9. So Thursday the PI pulled me into him office and said that he doesn't feel that I am excited about the research and he is worried about the fit. He mainly just kept saying that he doesn't think I am excited about the work. But I have mentioned several times that I like the work and it's the kind of project I wanted to work on in graduate school. When I specifically asked him what he meant by excitement and what he was basing this on, he danced around the question and refused to give me a straight answer (according to a previous grad student in the lab, he is notorious for avoiding conflict until he cannot stand it anymore, also known to never give a straight answer). He basically gave me an ultimatum: I have thru the end of the year to change his mind. He also told me that he has felt this way for a while (but is just now bringing it up?) This PI and I don't talk much, we're both busy. We see each other at lab meeting once a week for an hour or less, but he doesn't want to meet more often. But he also said he doesn't want this to be a thing where I'm just worried about churning out loads of data and nothing else (when I specifically asked what he meant by that, no answer, again). But then he says that he doesn't think I'm committed and that grad school is about doing lots of reading and becoming an expert and going to conferences and being an expert on [project]. Then we proceeded to have a conversation about what is already out in the literature (not much, and nothing using our model), and nada, no comments from him, blank look on his face (he’s old, and sometimes I think he’s losing his mind, he’ll ask questions repeatedly. He has asked the same questions about my results three separate times, takes notes each time, but then always comes back with the same question, honestly it’s kind of like talking to a slow child, I have to walk him through everything, every time). He also, in a VERY roundabout way, questioned whether grad school was the right place for me, but he wouldn't come out and say it; Again, when I questioned him directly, no answer. I talked to older grad students in the department (I'm in the middle of my second year) and one said that some advisors are just like that and I shouldn’t freak out, this grad student had a similar talk with her advisor early in her career (she’s about to defend). Another one said if I really like the work, prove it to him, otherwise cut ties and run. A first year student (who is older and non-traditional like me) said New-Professor is looking for three grad students, and while his work is interesting, New-Professor would basically be training me from scratch and I feel uncomfortable with that, meaning a complete burden with nothing to offer in return. But first-year said with New-professor’s teaching philosophy he would be completely okay with that, and that I would just be expected to learn quickly (which is fine, I have some experience in this sort of thing from previous jobs, and coworkers/bosses from these previous jobs wrote me letters that got me into grad school). Sorry for this wall of text and if you’re still with me I am begging for some advice. Is this a sinking ship, should I run now? I really like this project and I’m really disappointed by this PI. Initially I liked it because he was laid-back and didn’t micromanage things like some of the PIs in the department and also a previous boss I worked for liked to micromanage everything, she was fired because production was non-existent because of her. This is why I wanted a lab that wasn’t micromanaged. Any advice for dealing with this type of person? Usually I’m really good at reading people and figuring out how to handle them, but not with this guy.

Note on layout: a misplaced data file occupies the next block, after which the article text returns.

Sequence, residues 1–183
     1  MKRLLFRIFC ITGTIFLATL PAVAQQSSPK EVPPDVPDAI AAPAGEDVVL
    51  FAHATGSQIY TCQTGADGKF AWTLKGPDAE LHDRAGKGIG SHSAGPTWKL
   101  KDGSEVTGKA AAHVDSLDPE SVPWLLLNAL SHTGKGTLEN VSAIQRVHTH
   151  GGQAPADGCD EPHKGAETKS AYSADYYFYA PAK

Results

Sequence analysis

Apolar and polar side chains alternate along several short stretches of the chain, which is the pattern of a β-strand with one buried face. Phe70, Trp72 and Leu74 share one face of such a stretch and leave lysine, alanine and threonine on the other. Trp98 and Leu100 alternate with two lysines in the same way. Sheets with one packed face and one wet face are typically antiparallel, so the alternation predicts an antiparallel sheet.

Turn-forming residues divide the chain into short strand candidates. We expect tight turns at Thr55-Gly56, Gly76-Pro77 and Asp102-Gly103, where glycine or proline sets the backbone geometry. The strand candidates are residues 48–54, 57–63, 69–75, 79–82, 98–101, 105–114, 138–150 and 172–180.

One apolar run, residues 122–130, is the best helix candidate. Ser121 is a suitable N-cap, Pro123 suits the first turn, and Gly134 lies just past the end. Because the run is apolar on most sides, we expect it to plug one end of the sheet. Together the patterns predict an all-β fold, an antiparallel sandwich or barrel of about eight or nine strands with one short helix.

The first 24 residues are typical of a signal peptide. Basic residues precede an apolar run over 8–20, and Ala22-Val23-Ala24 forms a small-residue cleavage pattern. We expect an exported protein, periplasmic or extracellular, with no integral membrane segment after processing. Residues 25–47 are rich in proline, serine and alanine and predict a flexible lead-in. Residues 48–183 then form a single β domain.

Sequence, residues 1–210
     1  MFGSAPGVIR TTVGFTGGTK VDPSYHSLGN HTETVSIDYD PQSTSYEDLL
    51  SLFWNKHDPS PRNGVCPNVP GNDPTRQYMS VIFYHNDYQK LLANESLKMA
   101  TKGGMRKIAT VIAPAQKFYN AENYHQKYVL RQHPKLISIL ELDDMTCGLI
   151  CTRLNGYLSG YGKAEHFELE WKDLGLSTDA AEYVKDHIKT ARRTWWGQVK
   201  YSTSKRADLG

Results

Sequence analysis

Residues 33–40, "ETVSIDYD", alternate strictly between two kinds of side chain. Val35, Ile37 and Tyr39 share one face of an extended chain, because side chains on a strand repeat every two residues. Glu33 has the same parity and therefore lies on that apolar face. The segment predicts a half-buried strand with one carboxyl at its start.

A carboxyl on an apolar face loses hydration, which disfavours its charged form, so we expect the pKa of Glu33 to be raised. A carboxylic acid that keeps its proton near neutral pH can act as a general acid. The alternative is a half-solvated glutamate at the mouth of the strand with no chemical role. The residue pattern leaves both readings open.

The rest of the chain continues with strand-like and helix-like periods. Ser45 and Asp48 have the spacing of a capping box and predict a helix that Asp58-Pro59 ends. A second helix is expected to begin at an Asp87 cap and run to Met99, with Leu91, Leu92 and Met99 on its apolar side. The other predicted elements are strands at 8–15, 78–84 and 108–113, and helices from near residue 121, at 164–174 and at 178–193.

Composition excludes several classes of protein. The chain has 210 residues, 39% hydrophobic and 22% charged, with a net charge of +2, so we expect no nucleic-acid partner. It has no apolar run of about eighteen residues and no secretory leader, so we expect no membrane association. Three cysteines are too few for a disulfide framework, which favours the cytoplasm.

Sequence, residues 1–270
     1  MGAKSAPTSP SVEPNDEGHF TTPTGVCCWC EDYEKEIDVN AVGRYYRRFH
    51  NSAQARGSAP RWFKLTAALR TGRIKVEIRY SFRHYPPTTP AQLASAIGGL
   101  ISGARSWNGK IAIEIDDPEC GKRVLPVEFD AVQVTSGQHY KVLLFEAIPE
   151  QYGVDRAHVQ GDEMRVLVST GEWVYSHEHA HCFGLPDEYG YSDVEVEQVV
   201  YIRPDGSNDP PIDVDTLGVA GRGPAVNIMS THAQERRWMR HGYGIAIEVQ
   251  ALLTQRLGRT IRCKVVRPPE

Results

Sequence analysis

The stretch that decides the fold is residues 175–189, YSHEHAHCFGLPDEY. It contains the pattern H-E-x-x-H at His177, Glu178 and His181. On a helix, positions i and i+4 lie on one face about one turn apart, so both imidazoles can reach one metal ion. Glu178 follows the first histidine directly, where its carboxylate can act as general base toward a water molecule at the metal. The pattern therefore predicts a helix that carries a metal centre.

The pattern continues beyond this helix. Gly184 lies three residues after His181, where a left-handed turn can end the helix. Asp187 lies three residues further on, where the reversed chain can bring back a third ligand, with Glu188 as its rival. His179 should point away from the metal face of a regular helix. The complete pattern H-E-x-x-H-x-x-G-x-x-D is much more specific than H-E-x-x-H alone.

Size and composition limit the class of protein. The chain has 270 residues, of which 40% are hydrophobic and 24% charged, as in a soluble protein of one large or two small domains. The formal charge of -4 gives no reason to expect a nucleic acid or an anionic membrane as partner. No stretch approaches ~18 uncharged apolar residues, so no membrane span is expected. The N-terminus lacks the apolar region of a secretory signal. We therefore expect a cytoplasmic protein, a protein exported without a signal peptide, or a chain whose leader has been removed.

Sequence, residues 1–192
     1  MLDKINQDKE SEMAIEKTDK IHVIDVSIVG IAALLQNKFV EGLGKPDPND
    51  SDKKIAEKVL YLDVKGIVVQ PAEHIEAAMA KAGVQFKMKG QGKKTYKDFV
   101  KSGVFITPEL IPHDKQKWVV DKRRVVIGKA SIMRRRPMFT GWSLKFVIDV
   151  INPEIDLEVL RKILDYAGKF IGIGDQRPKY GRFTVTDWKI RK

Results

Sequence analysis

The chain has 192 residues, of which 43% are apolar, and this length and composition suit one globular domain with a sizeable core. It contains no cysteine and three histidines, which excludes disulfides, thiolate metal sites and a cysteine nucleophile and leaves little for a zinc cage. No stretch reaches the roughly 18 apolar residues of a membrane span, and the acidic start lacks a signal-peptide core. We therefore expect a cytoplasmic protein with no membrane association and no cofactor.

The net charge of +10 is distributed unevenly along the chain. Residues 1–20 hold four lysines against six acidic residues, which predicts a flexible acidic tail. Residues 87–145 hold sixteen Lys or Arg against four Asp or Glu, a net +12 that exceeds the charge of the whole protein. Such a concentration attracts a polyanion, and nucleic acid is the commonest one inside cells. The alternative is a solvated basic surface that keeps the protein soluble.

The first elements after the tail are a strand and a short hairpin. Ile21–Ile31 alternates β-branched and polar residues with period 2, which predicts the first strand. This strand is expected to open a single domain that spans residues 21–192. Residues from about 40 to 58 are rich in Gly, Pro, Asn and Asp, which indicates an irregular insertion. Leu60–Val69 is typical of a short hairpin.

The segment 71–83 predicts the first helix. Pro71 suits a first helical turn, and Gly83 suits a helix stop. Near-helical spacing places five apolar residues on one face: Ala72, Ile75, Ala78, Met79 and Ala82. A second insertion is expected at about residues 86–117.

10. Thanks for all the comments. Just to update: I found a lab to rotate in and it is going great!! It's a lot of awesome signaling heavy stuff which is exactly what I wanted!